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Hoffmann, R. A wiki for the life sciences where authorship matters. Nature Genetics (2008)

Trans geometric isomers of EPA decrease LXR{alpha}-induced cellular triacylglycerol via suppression of SREBP-1c and PGC-1{beta}.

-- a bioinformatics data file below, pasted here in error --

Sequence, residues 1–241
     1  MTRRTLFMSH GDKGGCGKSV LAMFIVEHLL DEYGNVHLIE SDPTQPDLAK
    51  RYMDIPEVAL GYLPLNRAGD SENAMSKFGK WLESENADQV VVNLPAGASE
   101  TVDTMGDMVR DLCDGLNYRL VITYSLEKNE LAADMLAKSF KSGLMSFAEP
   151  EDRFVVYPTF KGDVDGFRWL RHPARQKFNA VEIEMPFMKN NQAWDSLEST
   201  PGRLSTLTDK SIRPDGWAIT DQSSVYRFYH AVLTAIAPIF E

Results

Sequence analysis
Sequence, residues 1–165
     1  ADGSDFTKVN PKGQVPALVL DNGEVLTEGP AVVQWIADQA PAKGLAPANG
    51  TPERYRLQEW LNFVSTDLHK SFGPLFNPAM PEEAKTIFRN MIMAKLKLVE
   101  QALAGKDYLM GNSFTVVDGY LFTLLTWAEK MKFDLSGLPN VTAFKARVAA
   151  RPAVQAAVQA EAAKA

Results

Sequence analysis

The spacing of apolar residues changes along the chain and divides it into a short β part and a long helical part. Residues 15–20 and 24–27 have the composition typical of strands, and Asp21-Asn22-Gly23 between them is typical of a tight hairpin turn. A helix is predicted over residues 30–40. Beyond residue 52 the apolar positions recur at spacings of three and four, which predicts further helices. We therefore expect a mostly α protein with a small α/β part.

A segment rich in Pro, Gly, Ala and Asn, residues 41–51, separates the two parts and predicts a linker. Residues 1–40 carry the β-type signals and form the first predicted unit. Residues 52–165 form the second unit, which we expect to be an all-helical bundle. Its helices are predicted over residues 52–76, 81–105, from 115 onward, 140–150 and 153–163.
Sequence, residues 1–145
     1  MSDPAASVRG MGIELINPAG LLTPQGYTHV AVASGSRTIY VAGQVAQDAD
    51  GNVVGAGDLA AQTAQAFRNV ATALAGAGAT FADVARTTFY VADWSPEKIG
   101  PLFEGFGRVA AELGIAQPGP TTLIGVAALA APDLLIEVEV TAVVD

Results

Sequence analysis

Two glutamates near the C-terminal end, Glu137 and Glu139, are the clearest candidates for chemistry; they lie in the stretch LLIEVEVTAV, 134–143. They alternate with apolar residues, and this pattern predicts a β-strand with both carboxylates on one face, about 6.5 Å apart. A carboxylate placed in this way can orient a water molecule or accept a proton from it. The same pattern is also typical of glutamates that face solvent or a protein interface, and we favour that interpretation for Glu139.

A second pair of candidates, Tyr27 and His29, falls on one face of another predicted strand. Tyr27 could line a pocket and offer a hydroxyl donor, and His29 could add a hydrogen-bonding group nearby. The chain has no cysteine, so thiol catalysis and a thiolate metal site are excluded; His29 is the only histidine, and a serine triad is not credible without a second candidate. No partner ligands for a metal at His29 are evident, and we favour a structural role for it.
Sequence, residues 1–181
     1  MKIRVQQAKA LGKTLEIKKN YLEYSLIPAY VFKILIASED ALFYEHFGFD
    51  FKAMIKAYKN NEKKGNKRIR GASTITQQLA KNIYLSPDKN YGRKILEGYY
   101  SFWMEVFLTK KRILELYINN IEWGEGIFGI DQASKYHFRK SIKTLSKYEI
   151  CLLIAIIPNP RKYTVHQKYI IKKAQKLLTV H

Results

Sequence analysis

Dietary mono- or di-trans fatty acids with chain lengths of 18-22 increase the risk of cardiovascular diseases because they increase LDL cholesterol and decrease HDL cholesterol in the plasma. However, the effects of trans isomers of PUFAs on lipid metabolism remain unknown. Dietary PUFAs, especially eicosapentaenoic acid (EPA) in marine oils, improve serum lipid profiles by suppressing liver X receptor alpha (LXRalpha) activity in the liver. In this study, we compared the effects of trans geometric isomers of eicosapentaenoic acid (TEPA) on triacylglycerol synthesis induced by a synthetic LXRalpha agonist (T0901317) with the effects of EPA in HepG2 cells. TEPA significantly decreased the amount of cellular triacylglycerol and the expression of mRNAs encoding fatty acid synthase, stearoyl-CoA desaturase-1, and glycerol-3-phosphate acyltransferase induced by T0901317 compared with EPA. However, there was no significant difference between the suppressive effect of TEPA or EPA on the expression of sterol-regulatory element binding protein-1c (SREBP-1c) induced by T0901317. We found that TEPA, but not EPA, decreased the mRNA expression of peroxisome proliferator-activated receptor gamma coactivator 1beta (PGC-1beta), which is a coactivator of both LXRalpha and SREBP-1. These results suggest that the hypolipidemic effect of TEPA can be attributed to a decrease not only in SREBP-1 but also in PGC-1beta expression.[1]


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